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Refik Anadol, AI + Art in the Public Sphere

Data Aesthetics in the Land of Spectacle

Image Credit: Sphere Entertainment. Machine Hallucinations: Sphere, 2023, Refik Anadol Studio.

Machine Hallucinations: Sphere by media artist Refik Anadol has been featured at The Sphere in Las Vegas since September 1, 2023. Comprising three chapters from Refik’s Machine Hallucinations series, initially developed 7-years ago during his Google AI residency, these data-driven visualizations may, quite literally, be the most prominent demonstration of creative works developed with machine learning, with AI, in the public sphere, to-date.


Image Credit: Sphere Entertainment. Machine Hallucinations: Sphere, 2023, Refik Anadol Studio.

This series integrates publicly accessible images into machine-learning models, resulting in iterations of vibrant abstractions. The first chapter, Space, pulls approximately 1.1 million publicly accessible images captured by satellites and spacecraft, including those from the International Space Station and NASA's Hubble telescope. The second chapter, Nature, incorporates around 400 million publicly obtained images of plants and animals from global national parks. The third and final chapter Sphere: Winds of Las Vegas, pulls datasets on wind speeds, precipitation, and air pressure collected from wind sensors in Las Vegas. In real-time, the generative translation of data into abstracted patterns, colors, and forms creates an ephemeral, immersive experience. 

Anadol, who describes data as pigment and AI as his brush, told Los Angeles Times, “[It’s] this incredible architectural form in public urban space and this incredible art form. We’re used to canvas and sculpture and paintings and video, but this time, the whole building is a canvas—and not one with corners. It’s challenging our perceptions. It’s a really powerful statement and experiment reinterpreting the limits of our understanding of what is a canvas.”

The new entertainment venue, aptly referred to as The Sphere, is characterized by its 366-foot-tall, globe-shaped exterior adorned with nearly 580,000 square feet of fully programmable LED screens. The architectural studio Populous conceived and designed this $2.3 billion project, which took about seven years to complete. Sphere Entertainment describes the venue as “a next-generation entertainment medium powered by cutting-edge technologies to redefine the future of entertainment.”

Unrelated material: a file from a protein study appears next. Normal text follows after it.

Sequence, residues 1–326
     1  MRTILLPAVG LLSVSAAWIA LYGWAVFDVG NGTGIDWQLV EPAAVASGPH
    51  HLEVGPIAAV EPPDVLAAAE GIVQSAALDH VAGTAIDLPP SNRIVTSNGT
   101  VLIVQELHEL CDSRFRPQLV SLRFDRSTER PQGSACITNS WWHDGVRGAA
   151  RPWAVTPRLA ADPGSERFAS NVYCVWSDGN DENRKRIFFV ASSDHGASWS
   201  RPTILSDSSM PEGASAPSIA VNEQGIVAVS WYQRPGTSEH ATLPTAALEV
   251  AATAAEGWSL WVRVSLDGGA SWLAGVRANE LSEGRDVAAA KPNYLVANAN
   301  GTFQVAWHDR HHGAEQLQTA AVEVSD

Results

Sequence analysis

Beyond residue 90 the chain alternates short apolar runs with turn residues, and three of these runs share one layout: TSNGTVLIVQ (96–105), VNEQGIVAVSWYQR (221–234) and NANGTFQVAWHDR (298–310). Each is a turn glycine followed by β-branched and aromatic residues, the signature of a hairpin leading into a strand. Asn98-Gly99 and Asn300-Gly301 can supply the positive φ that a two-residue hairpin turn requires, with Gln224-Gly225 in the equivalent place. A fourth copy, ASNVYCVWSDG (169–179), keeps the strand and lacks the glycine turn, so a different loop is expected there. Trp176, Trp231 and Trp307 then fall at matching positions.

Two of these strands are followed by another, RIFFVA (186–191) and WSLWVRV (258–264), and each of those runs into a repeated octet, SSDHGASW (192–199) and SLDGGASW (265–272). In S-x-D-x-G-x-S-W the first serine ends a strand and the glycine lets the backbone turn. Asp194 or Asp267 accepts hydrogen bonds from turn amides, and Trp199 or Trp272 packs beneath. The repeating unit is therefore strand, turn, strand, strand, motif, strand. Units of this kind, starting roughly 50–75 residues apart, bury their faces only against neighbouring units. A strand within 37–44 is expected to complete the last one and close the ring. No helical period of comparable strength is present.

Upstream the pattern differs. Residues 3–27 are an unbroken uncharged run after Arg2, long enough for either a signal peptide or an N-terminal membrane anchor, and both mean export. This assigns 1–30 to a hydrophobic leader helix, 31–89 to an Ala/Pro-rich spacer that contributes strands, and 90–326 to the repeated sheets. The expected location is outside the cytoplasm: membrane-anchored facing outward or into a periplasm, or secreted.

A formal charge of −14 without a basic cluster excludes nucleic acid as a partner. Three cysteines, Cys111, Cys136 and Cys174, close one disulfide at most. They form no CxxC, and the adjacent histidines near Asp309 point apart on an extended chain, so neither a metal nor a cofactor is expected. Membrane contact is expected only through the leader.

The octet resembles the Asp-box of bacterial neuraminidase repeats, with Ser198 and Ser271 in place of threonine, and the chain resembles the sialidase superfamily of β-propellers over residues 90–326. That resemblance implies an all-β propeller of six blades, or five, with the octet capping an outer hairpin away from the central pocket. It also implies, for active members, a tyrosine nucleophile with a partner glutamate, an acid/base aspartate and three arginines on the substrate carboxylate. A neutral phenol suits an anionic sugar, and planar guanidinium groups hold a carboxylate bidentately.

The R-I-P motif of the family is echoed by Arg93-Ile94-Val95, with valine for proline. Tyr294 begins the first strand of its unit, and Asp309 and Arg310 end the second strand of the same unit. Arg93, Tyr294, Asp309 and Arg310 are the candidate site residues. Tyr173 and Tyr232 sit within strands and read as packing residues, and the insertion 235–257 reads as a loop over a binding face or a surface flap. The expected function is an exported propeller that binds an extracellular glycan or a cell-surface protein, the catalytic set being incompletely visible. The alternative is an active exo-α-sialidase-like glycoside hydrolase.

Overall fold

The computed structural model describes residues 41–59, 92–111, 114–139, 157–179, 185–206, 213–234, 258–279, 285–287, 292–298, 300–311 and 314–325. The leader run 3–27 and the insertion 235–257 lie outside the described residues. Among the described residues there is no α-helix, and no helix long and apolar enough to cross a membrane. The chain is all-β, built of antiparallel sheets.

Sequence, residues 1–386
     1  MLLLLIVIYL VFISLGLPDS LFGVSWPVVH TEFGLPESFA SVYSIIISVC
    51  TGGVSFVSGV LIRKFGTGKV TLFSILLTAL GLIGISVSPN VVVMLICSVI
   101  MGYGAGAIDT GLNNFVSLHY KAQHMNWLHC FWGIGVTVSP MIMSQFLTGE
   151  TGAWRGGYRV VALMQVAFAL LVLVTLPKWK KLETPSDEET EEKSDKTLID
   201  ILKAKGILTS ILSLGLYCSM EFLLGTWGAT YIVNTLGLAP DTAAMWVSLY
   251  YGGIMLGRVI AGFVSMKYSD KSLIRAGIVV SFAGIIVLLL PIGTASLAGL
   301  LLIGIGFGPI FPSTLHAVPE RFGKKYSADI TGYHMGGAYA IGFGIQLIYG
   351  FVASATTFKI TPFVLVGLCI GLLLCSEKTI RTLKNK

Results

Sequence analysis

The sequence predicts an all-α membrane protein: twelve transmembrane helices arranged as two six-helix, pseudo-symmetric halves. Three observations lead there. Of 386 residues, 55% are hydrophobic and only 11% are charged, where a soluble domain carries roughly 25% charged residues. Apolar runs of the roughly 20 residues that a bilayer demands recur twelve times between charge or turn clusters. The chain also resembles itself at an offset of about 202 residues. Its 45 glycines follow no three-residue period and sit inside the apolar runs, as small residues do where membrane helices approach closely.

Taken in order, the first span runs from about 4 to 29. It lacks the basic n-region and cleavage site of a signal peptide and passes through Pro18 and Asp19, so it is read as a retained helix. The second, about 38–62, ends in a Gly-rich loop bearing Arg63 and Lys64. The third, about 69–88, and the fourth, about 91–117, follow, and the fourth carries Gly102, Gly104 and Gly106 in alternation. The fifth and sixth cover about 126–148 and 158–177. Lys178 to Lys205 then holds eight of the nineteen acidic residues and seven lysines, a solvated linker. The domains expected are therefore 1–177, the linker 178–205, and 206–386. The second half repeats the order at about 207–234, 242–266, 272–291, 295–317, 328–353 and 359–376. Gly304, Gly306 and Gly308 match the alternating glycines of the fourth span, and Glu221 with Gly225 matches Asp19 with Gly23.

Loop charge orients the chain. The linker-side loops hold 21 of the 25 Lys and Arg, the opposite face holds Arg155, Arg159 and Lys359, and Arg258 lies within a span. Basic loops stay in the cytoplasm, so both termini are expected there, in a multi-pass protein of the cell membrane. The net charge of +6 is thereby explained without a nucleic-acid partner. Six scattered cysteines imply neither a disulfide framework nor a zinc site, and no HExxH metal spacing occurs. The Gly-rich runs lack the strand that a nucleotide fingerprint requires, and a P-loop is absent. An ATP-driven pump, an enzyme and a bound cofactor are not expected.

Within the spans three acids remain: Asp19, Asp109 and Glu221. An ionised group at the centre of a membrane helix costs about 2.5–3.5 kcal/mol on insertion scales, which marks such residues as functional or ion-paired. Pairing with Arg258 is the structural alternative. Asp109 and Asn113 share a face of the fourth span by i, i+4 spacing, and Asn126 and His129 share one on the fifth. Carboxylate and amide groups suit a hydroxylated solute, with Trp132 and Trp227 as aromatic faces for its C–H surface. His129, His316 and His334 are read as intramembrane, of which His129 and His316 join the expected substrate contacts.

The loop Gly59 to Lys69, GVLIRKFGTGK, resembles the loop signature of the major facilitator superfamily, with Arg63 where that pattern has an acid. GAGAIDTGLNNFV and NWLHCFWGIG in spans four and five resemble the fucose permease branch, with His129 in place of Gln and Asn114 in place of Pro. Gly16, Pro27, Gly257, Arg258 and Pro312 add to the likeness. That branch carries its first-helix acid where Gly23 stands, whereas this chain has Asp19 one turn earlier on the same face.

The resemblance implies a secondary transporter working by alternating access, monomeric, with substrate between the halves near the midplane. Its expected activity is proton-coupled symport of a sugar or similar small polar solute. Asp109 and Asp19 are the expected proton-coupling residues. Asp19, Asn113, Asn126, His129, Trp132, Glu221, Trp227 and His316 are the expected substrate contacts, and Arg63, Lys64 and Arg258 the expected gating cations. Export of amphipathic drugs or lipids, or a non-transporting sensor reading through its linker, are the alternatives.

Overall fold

The exterior, known as the Exosphere, boasts a fully programmable LED surface, making it the largest screen of its kind globally. This colossal LED paneling not only contributes to the venue's futuristic aesthetic but also serves as a dynamic canvas for a variety of visual experiences. As a venue for films, concerts, sporting events, and video game competitions, The Sphere's interior features the highest-resolution LED screen in the world, enveloping the audience in an immersive visual spectacle.

The audio system utilizes laser beam-like technology to direct sound precisely to individual areas, allowing different language options without overlap. Additionally, The Sphere offers a multi-sensory experience, incorporating environmental conditions like wind, heat, humidity, and scents. The advanced haptics technology further enhances the immersive experience by making viewers feel physical sensations corresponding to on-screen events, such as the sensation of driving over a bumpy pothole. In essence, The Sphere in Las Vegas epitomizes the convergence of technology and entertainment, pushing the boundaries of what is possible in the world of immersive experiences.

This new venue will undoubtedly advance immersive audience experiences within entertainment industries and be a major draw for visitors to Sin City. What may be surprising or, at the very least, a bit less expected is to see such high-concept art in a city known for cheap thrills and spectacle. Nonetheless, according to Guy Barnett, senior vice president, brand strategy and creative development for Sphere Entertainment, “[...] we will forever change the way artwork and commerce co-exist.”